- a sale of such property that can only be used in Canada or Québec;
- a sale of making a telecommunications facility that is such property available for use in providing a telecommunication service.
An export trading house is a person at least 90% of whose commercial activities consist in exporting property outside Canada (under the GST system) or buying property in Québec for resale outside Québec (under the QST system). Such a person can request our authorization to use export certificates (shipping certificates) in order to purchase property without paying the taxes. These certificates serve as proof that the property is to be exported from Canada (or shipped outside Québec).
Eligible non-manufacturing businesses whose activities consist in exporting property from Canada (or shipping property outside Québec), and that add limited value through their processing or distribution activities, may use an export (or shipping) distribution centre certificate. This certificate allows the businesses to acquire the following property without paying the taxes:
- property added to other property during processing;
- customers' property that undergoes processing services.
For more information about such certificates, contact us.
Tangible personal property purchased by a non-resident of Canada that is not a consumer
Under the GST system, if a person (other than a consumer) that is not resident in Canada purchases tangible personal property (corporeal movable property) for export but does not meet the criteria for zero-rating mentioned above, the person must pay GST. However, such a person may be entitled to a refund of the tax paid, provided the person:
- exports the property from Canada within 60 days after delivery;
- uses the property primarily (more than 50%) outside Canada.
To claim a GST/HST rebate, complete federal form GST189, General Application for GST/HST Rebates.
Under the QST system, if a person (other than a consumer) that is not resident in Canada purchases tangible personal property for transport or shipment outside Québec but does not meet the criteria for zero-rating mentioned above, the person must pay QST. However, such a person may be entitled to a refund of the tax paid, provided the person:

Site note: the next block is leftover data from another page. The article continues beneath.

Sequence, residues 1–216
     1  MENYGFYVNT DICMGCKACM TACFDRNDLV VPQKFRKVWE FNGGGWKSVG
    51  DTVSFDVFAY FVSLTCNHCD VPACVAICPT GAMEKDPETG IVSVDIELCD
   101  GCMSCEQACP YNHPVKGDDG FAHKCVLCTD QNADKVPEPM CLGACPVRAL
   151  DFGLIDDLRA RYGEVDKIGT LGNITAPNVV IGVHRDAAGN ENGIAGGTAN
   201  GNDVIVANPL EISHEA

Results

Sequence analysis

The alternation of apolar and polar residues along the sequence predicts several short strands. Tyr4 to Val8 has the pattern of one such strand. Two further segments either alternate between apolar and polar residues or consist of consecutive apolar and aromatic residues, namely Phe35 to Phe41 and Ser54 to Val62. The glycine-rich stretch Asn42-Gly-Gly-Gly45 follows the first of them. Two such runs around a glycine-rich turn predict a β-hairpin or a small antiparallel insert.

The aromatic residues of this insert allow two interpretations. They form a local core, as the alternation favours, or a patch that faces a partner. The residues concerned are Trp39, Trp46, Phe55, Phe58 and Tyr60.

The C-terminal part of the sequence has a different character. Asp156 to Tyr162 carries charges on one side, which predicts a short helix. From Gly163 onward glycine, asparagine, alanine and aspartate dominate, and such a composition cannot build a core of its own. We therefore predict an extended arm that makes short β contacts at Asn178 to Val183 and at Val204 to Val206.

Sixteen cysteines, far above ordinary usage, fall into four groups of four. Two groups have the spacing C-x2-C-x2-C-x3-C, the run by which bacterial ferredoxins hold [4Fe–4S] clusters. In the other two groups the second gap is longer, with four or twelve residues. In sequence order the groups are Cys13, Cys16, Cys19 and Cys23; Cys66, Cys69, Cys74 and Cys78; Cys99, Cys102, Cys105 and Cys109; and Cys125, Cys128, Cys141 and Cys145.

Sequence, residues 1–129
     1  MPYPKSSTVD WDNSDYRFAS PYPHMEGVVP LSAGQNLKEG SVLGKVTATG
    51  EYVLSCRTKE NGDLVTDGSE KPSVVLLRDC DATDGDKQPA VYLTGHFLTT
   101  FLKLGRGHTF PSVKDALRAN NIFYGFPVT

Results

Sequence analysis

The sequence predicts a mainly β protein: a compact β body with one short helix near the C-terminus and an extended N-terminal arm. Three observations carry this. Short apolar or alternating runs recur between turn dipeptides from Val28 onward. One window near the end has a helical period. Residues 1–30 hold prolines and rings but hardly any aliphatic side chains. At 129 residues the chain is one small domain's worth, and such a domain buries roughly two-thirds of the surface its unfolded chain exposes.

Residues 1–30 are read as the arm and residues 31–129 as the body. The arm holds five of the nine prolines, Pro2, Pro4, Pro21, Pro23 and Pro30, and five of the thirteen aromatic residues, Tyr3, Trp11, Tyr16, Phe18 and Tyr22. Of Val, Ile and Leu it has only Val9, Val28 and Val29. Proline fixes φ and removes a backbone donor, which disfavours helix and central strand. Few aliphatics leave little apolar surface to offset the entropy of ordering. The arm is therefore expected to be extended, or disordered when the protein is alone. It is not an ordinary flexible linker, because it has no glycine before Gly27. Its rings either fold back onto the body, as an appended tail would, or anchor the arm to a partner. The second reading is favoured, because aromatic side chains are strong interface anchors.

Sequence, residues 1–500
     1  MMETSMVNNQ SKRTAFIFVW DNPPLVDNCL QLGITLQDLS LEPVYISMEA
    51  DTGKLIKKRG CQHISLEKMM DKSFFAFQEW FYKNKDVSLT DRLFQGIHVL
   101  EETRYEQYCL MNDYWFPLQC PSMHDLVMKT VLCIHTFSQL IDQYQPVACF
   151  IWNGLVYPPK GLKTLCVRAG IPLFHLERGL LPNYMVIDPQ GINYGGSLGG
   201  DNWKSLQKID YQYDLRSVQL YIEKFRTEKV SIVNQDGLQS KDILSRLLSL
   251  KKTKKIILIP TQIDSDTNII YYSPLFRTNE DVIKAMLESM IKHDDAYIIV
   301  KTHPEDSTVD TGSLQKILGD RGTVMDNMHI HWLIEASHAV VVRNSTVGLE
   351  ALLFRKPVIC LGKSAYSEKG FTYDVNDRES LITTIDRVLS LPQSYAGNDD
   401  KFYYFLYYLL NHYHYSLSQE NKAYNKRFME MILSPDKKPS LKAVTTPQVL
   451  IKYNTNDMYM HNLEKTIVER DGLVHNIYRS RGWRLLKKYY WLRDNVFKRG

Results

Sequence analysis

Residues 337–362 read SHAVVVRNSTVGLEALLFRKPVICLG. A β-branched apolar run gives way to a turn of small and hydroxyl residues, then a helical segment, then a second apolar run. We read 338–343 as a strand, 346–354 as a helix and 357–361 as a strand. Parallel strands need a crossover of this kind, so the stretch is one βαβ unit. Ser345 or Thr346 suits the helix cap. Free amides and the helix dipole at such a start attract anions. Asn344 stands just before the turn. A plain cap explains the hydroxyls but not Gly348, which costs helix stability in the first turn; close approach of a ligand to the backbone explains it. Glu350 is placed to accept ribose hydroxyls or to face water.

- takes or ships the property outside Québec within 60 days after delivery;
- uses the property primarily (more than 50%) outside Québec.
If the property taken or shipped outside Québec is a road vehicle, instead complete form VD-60.R-V, Application for a QST Rebate for a Road Vehicle.
Property and services purchased by a non-resident consumer
In general, you must collect GST and QST on property purchased by non-resident consumers. A GST and QST rebate may be granted for tax paid on certain goods and services related to and supplied in connection with a foreign convention. As a supplier of such goods and services, you may pay or credit the rebate to your clients.
You must report the amounts paid or credited using form FP-106-V, Information Return: Rebates Paid or Credited for Foreign Conventions and Tour Packages.
For more information, refer to document RC4036, GST/HST Information for the Travel and Convention Industry, published by the Canada Revenue Agency.
Persons resident in Canada, outside Québec
In general, if you reside in Canada but outside Québec, you can claim a rebate of the QST on tangible personal property purchased in and shipped outside Québec by completing form VD-352-V, Application for a Rebate of the QST Paid on Corporeal Movable Property That Is Taken or Shipped Outside Québec to Another Location in Canada by a Person Resident in Canada.
If the property taken or shipped outside Québec (but in Canada) is a road vehicle, instead complete form VD-60.R-V, Application for a QST Rebate for a Road Vehicle.